Note: In this post I discussed some of the aspects about my former career while I was still working. One of my problems was “lack of adequate replacement”. Like some people have pointed out, most people need something to do. However, I would point out that this does not need to be a job. It could be taking care of a bonsai tree; or it could be working as a gardener. In terms of the suggestions below, they are remarkably constant. The only thing that’s changed in the two years that have passed is that I no longer foresee starting a bookstore.
What does early retirement mean for those who chose to save so intensely and early for retirement and essentially had enough money to stop working around age 30? This is a question I have been asking myself and for which there does not seem to be any conventional solutions.
In most cases, at least as far as I understand from reading Smartmoney magazine, early retirement means spending more time playing golf, being home with the kids, or seeing the world. None of this seems particularly appealing to me (I don’t have kids) right now. In 15 years, maybe, but not now.
Conventionally, I should be doing what most phds with a few years of experience do, that is, try to work myself to death in the desperate attempt to get tenure. Except for the death part, that is actually what I still do even though I in principle could quit. However, having seen first hand where this road can lead I must admit that I am no longer so sold on the idea as I was 5 years ago. Here’s my cost benefit analysis: costs: 95% of the students, grant writing, committees, relatively poor pay, forced mobility, department politics, and did I mention, 95% of the students – benefits: making my own schedule, 5% of the students, and doing research. I think having the freedom to take half the day off on Monday and work 16 hours on Tuesday is overrated given that it comes with a constant pressure to perform. It feels equally nice to work 9-5 and know that you are not supposed to work outside of those hours. Call me naive, but I have finally realized that 95% of the students at higher ed do not really seem to want to be there. Some professors live for the enthusiasm for the remaining 5%, but I don’t think the 1 in 20 ratio is high enough for me. Research is interesting and frustrating. Interesting because everything you do is a “first” e.g. you have discovered something that no humans have known before. Frustrating because there is a ton of dead ends that must be explored. It is really 99% perspiration and 1% inspiration. Just imagine trying to come up with something creative when you know that in all likelihood it will fail. Then repeat and do it again. In addition, most researchers, myself included, are working on things that are only interesting 5 other people in the world. There’s a slight shot at fame. For instance, I have published a good 20 papers. Forsooth, you can find them in university libraries around them world, even! However, 30 years from now, I will just be a set of initials in some dusty journal that will only be read by some poor suffering grad student. I am after all not working on curing cancer, so while somewhat meaningful, my work is perhaps not terribly important [except for those 5 persons in the world]. It’s not a terribly bad life though. One gets to influence events in the sense of deciding where thousands and even millions of tax payer/alumni money gets spent. There’s all the free traveling to conferences etc. I have been to 14 countries so far and never paid a dime. It’s not exactly a luxury vacation, but the similarities are probably larger than the differences. However, I wonder whether I am going to spend the rest of my life doing this. If I do, I’m projected to pass $1,000,000 when I’m 40, but what am I going to spend that money on anyway? The law of diminishing returns of extra dollars is knocking on my door already. There is also significant opportunity cost. Maybe I will be wondering what if I had done something differently. The question is, what is the alternative. I think it is exceedingly important to live a life of no regrets.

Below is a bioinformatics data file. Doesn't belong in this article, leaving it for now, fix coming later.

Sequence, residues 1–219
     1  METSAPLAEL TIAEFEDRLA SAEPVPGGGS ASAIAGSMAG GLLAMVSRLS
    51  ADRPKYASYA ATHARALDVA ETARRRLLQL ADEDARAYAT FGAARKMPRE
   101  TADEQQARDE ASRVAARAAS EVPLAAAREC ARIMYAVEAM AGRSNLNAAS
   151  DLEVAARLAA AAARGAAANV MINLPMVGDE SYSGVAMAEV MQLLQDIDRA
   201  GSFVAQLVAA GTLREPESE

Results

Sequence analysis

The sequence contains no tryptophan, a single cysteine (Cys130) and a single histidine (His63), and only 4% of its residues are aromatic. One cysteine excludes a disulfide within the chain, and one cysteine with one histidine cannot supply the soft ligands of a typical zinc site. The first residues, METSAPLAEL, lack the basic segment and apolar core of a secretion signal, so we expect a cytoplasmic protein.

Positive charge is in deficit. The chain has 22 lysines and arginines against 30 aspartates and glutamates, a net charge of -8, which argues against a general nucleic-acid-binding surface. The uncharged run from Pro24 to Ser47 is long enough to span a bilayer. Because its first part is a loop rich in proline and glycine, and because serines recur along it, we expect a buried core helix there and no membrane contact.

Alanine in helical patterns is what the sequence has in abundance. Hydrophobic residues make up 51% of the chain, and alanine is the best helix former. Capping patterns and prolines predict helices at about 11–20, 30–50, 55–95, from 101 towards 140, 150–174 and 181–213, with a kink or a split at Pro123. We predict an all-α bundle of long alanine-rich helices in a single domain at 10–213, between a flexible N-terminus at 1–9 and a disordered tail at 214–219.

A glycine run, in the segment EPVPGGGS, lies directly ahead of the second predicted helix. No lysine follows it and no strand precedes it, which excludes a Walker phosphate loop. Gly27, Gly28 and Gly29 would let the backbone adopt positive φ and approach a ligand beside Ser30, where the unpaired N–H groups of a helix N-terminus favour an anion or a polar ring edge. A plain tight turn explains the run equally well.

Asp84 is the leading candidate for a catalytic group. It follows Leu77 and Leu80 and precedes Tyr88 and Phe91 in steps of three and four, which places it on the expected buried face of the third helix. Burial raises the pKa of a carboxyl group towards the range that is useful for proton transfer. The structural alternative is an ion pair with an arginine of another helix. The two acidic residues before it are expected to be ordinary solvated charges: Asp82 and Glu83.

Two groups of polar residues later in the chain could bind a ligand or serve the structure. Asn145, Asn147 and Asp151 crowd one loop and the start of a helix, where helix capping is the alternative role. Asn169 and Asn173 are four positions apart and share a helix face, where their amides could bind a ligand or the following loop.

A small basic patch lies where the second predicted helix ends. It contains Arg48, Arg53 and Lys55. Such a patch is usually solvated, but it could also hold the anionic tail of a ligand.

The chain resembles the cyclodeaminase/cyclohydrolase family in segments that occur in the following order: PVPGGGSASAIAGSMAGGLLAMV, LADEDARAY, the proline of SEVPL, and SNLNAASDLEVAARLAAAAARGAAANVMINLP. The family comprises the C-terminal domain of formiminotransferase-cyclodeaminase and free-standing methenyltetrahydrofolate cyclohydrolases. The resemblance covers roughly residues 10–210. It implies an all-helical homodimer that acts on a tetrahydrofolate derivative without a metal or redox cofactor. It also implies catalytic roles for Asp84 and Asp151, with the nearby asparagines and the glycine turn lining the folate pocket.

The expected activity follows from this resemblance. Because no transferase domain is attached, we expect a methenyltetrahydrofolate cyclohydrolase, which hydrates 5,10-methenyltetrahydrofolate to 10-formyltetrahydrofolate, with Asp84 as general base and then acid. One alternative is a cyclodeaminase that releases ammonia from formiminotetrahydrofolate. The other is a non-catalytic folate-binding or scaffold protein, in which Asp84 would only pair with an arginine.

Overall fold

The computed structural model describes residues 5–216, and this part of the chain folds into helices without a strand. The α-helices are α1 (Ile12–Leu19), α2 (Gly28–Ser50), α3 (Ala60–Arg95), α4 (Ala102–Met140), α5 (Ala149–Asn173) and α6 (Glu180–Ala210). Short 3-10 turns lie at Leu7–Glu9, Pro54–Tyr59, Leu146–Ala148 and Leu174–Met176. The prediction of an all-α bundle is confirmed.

Okay, so I could in principle retire, but I haven’t. Why not? One problem is that I have not found anything sufficiently meaningful to replace a full fledged career with. In contrast to a job a career should be a means of self-actualization and I tell you if you actually have a career goal in mind, this works out quite well. If you don’t, then it turns into a job fairly quickly, whoops!
Financially independent is a better description of my situation. Maybe people aren’t meant to retire this early. It’s almost like breaking the law of the rat-race e.g. “you still have so many years left in you”.
Perhaps Beingfrugal.net‘s son’s mom said it best when it what described as re-tirement as in changing tires during a pit stop. Yeah, I might want to change my tires.
Here’s my list of possible re-tirings.
- Start a PF blog (I have previously thought of becoming a tech writer and this seems to fit the bill).
- Start a bookstore.
- Buy a small farm, breed an army of sheep and take over the world.
- Sell my soul to Wall Street.
- Become a watch maker.
I have started on 1. The question is whether I can make a career out of it in the traditional sense of a career e.g. something that takes up much of the day and keeps me active while being somewhat meaningful and self-actualizing.
As you might have surmised I am not really sure about this. It turns out that it is a lot harder to figure out what to do with financial independence than to achieve it in the first place. It is definitely something I should have thought of earlier in the process.
What would you do if you did not have to work again?
Originally posted 2008-01-06 08:45:24.